Prof David Reinkensmeyer is collaborating with neurology professor Steve Cramer and electrical engineering professor Mark Bachman as well as former UCI doctoral student Eric Wolbrecht, who is now an assistant professor at the University of Idaho.
He said that although researchers know that exercise after stroke helps restore brain pathways, a concept known as use-dependent brain plasticity, what they don’t know is whether the exercise is more beneficial if it is aided by robots that guide the patients’ hands and help them complete specific tasks.
Current therapies were designed to be administered by physical or occupational therapists, limiting their affordability and availability. So, Reinkensmeyer said that there has been a concentrated effort to develop technology that can automate these processes.
’People prefer exercising with a robot that helps them complete computer games, so there’s a motivational benefit to robotics. But it’s not clear yet whether having a robot assist a person is more effective than just having them exercise without it,’ he added.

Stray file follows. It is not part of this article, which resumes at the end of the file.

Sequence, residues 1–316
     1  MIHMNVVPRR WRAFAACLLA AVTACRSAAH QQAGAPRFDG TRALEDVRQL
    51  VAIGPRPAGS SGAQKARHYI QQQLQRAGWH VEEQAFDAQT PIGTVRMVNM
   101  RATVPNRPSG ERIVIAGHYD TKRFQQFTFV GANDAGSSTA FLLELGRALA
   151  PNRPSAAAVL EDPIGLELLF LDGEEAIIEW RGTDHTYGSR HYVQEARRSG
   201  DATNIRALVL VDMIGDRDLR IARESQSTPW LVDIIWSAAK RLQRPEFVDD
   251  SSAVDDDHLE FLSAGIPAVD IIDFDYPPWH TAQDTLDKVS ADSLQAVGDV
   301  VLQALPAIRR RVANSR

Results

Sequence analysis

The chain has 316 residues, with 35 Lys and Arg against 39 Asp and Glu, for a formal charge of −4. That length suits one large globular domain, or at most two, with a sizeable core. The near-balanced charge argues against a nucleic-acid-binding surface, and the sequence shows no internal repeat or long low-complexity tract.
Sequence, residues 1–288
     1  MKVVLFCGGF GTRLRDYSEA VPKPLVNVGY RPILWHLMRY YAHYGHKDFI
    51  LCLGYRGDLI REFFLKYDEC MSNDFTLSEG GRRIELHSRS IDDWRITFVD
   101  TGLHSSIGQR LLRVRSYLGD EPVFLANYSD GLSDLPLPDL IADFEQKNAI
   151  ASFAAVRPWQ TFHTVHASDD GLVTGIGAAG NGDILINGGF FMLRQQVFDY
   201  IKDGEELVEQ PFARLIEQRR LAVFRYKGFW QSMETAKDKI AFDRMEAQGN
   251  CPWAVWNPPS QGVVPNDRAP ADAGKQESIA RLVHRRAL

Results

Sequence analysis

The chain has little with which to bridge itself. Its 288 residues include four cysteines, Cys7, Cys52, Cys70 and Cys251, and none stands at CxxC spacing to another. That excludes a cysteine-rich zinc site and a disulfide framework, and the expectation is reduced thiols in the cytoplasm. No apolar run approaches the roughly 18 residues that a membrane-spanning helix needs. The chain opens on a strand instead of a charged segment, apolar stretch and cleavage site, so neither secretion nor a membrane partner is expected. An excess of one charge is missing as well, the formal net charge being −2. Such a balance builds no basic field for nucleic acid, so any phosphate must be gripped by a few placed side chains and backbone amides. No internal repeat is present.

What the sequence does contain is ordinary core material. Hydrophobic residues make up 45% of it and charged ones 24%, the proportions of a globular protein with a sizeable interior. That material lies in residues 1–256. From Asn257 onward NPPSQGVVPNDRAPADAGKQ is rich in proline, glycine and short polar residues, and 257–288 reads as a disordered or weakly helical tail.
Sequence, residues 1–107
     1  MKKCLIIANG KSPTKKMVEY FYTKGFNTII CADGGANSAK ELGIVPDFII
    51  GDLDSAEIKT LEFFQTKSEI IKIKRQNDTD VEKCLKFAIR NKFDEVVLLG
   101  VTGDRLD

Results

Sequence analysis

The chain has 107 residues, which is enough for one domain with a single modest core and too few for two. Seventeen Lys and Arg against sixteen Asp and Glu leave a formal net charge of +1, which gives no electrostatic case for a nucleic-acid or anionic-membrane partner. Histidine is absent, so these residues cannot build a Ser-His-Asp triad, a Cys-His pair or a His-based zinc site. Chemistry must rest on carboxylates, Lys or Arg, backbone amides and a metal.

Researchers will work with local hospitals, starting with UC Irvine Medical Center, to begin studying patients in the first days after a stroke.
Reinkensmeyer’s research effort is two-pronged. The team will build a wearable sensor that will measure patients’ hand movements in the days and weeks after stroke but before therapy begins.
They will also fabricate a compact, portable device to assist the patients at home as they exercise the affected hand. The ’smart’ apparatus will build a computer model in real time of how much support each patient needs to complete the required tasks.
Patients will be randomly divided into two groups. In one group, the hand robot will assist in the limb exercises. The second group will also use the robot, but it will be programmed to provide a higher level of assistance. The device will encourage stroke sufferers to practice moving their fingers in different configurations and in different gripping techniques.
Outcomes will be measured by therapists using standard assessment measurements in conjunction with quantitative measurements from the robot.
Because the severity of stroke is an important factor in recovery, all patients will undergo brain scans prior to taking part in the study to determine the degree of damage to the brain. By correlating the data from the brain scans, the sensor and the information acquired by the robot, they then hope to be able to predict how much limb dexterity patients can expect to regain after a stroke.